TM500-series extender ?



Does anybody know where I can find a flexible TM500-series extender for a price better than the original ones ?




I made one a couple of years back using a JAMMA extension. It’s very easy.
Mine didn’t work at first because I had made a few mistakes, but people here helped, and now it works like a charm. It’s been very reliable so far. All you have to do is rewire it, and cut a slot.
Here’s a link to the one similar to the one I used. Although 2 came for that price back then.

If you Google it, you can also find a tutorial online. I don’t remember by whom. Maybe someone else can point you in the right direction.

Hope this helps.

Dave Peterson

A solution is to use a JAMMA extender.

JAMMA is an arcade game console standard:
Note that the wiki page also identifies the Tektronix as an adopter of the edge connector.

Search for "JAMMA connector spec" and you'll find many descriptions of the pins.

I asked the same question last year, and folks here helped me out. See the thread associated with this message:
Note that it includes a link to a photo album with a few pics of what I built.

I was recently asked if this connector would be a good source:
I think it is, and is probably easier to modify into a TM500 extender. I don't think any rewiring is called for. I needed two for a two slot plug-in, so I purchased a less populated connector for less and had to rewire it. It shows as no longer available, and suggests what I think is the same harness:
If the link doesn't work, just search for JAMMA Extender Harness
These shouldn't need rewiring, but see my notes below. I suspect some modification needs to be made to the board edge side of the harness.

Another member of the group asked me about this recently, and here are some observations I provided. I'll just paste as it's all the further info I'd share:

In the JAMMA spec pins 1&2, 3&4, and 27&28 are going to the same thing (Gnd, +5v, and Gnd respectively), and on the edge board that I acquired pins 1&2 and 3&4 were shorted together. They were a single metallization on each side of the board. I had to Dremel a channel between them.

The example I purchased had a jumper between two connectors on the connector side. I don't recall which pins, but perhaps 1 and 14 (Gnd and Video Gnd?). Check for any such jumpers in the wire loom. I suspect they'd be obvious though, and it doesn't look like it from the pictures.

The black connector, and the one in your listing looks identical to what I bought, is _very_ flimsy. The plastic is almost like polystyrene - very easily melted with too much heat on a connector. I get too fussy with my soldering and didn't realize I was melting it. Luckily some JB Weld saved it for me. And the connectors themselves are also very cheap, thin, flimsy affairs. But then you shouldn't need to be soldering at all if they are all truly 1-to-1 connected to the edge connector. Certainly an advantage of this design. Just be careful with them. They are not as robust as original Tek equipment.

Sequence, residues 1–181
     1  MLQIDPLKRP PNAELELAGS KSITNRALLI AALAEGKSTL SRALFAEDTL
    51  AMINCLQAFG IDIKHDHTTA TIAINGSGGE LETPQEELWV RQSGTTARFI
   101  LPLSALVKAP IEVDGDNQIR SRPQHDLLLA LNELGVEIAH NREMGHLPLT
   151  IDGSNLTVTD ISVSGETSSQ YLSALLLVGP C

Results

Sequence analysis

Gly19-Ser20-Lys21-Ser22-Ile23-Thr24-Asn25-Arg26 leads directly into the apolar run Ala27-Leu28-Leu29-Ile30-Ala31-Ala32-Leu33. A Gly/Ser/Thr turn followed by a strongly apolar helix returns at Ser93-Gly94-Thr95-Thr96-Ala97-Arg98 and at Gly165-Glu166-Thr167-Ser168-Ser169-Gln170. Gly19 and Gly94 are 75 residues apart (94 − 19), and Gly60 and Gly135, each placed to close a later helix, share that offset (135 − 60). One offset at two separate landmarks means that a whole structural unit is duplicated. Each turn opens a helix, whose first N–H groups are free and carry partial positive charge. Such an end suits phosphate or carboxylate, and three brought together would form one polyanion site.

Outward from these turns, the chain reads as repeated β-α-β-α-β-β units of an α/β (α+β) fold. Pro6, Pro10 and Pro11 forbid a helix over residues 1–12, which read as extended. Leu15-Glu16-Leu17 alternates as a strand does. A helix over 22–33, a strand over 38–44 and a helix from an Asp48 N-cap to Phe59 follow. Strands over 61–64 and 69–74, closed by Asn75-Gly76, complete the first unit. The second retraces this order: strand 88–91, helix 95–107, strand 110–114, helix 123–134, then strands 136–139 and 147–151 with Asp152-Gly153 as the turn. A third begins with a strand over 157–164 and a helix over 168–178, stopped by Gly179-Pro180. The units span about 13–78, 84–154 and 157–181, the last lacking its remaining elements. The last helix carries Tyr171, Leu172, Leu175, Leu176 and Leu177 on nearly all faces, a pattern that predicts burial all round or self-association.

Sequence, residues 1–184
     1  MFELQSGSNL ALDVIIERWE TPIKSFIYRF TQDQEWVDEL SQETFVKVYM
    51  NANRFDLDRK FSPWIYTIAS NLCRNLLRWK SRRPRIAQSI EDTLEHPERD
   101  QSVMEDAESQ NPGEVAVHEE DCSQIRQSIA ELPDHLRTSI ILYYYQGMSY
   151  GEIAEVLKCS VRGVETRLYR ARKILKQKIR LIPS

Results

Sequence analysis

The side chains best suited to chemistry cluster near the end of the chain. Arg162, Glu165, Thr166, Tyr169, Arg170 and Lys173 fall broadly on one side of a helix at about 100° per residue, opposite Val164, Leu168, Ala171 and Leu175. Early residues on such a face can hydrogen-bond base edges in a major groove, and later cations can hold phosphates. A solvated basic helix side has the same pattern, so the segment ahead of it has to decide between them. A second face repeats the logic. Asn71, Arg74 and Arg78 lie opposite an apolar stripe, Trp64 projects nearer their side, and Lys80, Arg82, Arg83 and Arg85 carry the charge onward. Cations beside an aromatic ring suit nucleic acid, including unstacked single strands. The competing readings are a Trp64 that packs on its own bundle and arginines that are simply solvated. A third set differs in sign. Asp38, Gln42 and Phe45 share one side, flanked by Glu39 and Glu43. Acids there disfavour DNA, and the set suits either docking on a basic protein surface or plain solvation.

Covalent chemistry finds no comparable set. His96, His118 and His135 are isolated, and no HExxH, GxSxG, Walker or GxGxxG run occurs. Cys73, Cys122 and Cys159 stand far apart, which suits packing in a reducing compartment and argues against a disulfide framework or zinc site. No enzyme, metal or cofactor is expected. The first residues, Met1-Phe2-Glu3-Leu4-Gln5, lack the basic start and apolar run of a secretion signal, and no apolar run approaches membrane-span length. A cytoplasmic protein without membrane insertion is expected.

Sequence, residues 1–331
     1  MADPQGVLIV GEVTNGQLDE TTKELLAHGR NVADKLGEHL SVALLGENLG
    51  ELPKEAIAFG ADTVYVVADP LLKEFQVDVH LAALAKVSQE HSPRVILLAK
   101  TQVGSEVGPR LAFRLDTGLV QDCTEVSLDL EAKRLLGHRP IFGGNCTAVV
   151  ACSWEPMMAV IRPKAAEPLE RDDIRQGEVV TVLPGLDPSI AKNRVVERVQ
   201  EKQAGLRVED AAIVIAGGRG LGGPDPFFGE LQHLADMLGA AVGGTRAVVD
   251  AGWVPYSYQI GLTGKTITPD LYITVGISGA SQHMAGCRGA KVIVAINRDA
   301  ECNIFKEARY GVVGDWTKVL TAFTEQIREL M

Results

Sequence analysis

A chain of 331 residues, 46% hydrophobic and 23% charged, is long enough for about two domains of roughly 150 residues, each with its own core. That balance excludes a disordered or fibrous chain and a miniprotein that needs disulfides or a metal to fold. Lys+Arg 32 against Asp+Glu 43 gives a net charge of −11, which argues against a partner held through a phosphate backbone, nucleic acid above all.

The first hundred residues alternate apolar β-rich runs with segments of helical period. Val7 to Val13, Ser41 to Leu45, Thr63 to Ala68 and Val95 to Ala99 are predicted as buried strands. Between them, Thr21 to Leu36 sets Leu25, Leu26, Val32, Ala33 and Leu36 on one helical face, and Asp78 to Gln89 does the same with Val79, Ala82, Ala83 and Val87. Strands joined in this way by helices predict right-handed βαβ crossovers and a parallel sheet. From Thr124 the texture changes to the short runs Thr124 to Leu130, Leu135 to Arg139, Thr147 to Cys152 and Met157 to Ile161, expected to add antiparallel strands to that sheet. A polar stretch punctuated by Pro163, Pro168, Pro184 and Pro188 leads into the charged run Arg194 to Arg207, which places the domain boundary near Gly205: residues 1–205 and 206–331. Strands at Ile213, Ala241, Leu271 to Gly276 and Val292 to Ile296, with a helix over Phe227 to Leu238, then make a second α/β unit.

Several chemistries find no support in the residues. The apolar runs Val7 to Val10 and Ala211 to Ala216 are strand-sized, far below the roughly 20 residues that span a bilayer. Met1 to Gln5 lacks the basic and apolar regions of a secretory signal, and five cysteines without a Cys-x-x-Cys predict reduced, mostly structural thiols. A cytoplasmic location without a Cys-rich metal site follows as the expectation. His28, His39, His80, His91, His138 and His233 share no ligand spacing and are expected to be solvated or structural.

The connector is rather "free" in end-to-end play on the connector where it attaches to your plug-in. I _think_ the end play limit is just shy of shorting one pin to the adjacent. But I glued in a small piece of model sprue to remove some of this play.

Otherwise mine have worked very well. I take care when using them as they are not keyed on the connector side. They are infrequently used, so I'm fine always taking my time making sure I'm plugging them in right.

This is just one solution. You can also buy more robust connectors, wire, and PCB board edges to DIY. Or set an eBay watch for the Tektronix originals. They are more robust and safer than these JAMMA harnesses.


Richard Peterson

Dave beat me to it. . . . I'll be ordering the one he linked when I pull my DC501 for repairs.


Hello Dave,

Thank you so much for the detailed and informative answer !

I will carefully take that into consideration in order to get the extender.

Best regards,



Hello Stephen,

Thanks for the provided information, really helpful.

Best regards,



Get a TM502A, usually under $100 on EBAY shipping included. Remove the outer cover. What you are left with is a box about 6" by 8" containing the power supply with the two slot connectors. Put it on the bench and attach the plug in you are debugging. The box has the alignment guides so hard to get it aligned wrong.. Use slot 1 or slot 2 as needed depending on the orientation you need for your debugging. It also works well for two slot plug ins.


Michael W. Lynch

I use a TM501 in much the same way. I have one TM501 that I have Cut down the side rails to allow improved access to the entire circuit board of the DUT.

Michael Lynch
Dardanelle, AR


TM502, TM501... you can even use a TM503!!

A bit more bulky, of course, but no need to cut down anything. I often use the rails to stabilize my hands when probing components.



I agree 100%, a TM502A without the cover IS the perfect fix for doing TM500 module repairs, it's what I use
when I have to do any serious module work. I also have extenders for quick adjustments,
so some choices are very useful.

I do have a couple of the Tek frame mating connectors left if anybody needs one for an extender.

all the best,
walter (walter2 -at-
sphere research corp.